The long-awaited Musée des Civilisations noires (Museum of Black Civilisations) has opened in Senegal, with an address from President Macky Sall.
The museum received more than USD$34 million in support from China.
There will be 14,000 square meters dedicated to the history of Africans, with an exhibit on the first hominids, and early African contributions to science and technology.
As reported in Africa Times, President Sall said: “Like the Grand National Theater that houses the ceremony, the museum bears the symbol of friendship and solidarity of the Chinese people towards the Senegalese people. A gift from China, itself the cradle of an old and rich civilization, the Museum of Black Civilizations reflects our shared commitment to respect for the equal dignity of cultures and civilizations, and to safeguarding the cultural diversity of the world.”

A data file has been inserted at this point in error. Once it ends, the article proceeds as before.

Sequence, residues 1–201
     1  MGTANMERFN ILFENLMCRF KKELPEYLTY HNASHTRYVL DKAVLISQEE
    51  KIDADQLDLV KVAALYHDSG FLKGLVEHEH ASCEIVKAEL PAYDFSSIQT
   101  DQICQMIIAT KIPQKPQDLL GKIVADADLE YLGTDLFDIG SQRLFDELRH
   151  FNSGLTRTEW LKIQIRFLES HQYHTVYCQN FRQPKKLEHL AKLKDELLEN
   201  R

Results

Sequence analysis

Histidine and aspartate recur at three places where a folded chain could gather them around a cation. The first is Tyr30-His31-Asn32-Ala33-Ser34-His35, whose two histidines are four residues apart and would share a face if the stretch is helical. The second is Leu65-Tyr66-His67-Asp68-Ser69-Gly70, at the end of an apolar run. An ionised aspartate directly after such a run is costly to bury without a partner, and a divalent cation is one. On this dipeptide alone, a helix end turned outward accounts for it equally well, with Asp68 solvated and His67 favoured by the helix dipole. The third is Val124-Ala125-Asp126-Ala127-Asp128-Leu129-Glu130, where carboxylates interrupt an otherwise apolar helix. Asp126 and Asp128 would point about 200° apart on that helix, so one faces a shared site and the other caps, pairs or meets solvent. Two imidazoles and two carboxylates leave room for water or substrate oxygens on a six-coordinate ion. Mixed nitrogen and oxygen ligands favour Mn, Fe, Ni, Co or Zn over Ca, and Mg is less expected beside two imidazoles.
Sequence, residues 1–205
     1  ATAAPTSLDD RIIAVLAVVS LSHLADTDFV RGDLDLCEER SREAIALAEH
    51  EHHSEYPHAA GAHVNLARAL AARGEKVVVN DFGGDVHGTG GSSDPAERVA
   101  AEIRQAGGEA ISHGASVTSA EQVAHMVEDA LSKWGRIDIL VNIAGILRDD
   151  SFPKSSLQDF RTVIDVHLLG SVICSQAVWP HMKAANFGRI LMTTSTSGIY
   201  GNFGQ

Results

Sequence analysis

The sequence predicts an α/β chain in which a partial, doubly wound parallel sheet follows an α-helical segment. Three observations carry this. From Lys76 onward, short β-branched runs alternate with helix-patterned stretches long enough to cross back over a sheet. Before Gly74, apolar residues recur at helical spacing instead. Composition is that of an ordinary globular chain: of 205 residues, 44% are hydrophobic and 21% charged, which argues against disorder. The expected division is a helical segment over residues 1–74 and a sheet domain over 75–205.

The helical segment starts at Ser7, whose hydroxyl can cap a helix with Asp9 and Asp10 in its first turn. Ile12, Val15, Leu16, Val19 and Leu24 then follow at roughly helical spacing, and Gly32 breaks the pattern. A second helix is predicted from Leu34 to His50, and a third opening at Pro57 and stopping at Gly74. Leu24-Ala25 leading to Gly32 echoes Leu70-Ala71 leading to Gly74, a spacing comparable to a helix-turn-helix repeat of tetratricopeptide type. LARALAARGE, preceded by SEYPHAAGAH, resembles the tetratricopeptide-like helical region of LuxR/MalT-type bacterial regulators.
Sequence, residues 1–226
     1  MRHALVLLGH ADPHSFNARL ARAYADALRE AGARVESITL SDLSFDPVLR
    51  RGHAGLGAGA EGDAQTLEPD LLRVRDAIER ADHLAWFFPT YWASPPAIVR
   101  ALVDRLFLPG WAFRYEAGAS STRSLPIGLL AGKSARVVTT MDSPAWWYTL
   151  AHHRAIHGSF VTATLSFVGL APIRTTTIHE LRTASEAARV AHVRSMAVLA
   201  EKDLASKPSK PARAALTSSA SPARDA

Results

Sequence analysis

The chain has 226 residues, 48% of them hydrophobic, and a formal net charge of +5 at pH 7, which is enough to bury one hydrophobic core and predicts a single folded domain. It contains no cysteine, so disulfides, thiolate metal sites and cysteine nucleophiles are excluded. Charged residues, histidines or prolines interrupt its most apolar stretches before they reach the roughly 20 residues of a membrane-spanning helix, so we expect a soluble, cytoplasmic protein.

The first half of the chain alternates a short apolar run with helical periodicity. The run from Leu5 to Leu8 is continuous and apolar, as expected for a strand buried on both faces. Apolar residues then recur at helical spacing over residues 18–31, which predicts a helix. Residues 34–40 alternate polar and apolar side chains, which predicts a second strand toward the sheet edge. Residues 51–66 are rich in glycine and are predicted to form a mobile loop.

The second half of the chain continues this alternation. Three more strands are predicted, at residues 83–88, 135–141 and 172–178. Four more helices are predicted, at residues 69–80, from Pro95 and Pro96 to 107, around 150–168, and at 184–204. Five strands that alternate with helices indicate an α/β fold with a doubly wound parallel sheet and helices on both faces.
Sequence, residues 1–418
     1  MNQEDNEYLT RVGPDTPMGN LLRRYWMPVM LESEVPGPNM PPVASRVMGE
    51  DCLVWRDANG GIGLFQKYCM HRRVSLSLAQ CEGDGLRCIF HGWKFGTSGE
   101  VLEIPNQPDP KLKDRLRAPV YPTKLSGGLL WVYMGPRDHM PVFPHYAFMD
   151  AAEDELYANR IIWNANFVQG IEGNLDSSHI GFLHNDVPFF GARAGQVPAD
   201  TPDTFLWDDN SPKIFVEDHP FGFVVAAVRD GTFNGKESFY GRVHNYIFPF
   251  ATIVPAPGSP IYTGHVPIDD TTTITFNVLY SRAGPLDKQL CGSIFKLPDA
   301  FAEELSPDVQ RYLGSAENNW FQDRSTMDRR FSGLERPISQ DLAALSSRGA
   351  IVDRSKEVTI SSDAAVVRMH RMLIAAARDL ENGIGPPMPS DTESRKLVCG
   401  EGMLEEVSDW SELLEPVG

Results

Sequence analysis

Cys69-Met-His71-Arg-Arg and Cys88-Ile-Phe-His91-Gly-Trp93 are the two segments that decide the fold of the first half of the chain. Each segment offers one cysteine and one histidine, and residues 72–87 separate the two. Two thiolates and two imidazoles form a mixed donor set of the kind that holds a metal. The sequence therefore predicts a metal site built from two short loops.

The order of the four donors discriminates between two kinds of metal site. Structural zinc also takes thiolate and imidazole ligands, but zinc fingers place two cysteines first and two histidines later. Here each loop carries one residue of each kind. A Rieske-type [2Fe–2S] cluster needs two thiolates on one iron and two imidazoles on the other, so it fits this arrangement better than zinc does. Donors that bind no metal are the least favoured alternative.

Also present at the ceremony were Chinese dignitaries, a UNESCO representative, museum director Hamady Bocoum, and leading artists and cultural icons.
Repatriation of African artefacts
Sall also referenced French President Macron’s recent calls to return African artefacts. Sall said: “We know the issues related to the subject, I hope that the act of President Macron opens the way for a calm and peaceful dialogue on the repatriation of African heritage.”
Macron’s was one of many calls for ‘stolen’ artefacts displayed at Western museums to be returned.
Speaking at the Hay literary festival, BBC Historian David Olusoga suggested that European and American museums should consider repatriating artefacts.
Olusoga suggests that there is not only a moral case for repatriating objects, but also one of self interest for the UK in a post-Brexit world. Voluntarily returning colonial artefacts would improve trading relationships with African and Asian countries.
The opening of the MCN goes some way towards countering the argument that there is a lack of appropriate infrastructure in Africa to take care of returned artefacts.
Image courtesy MCN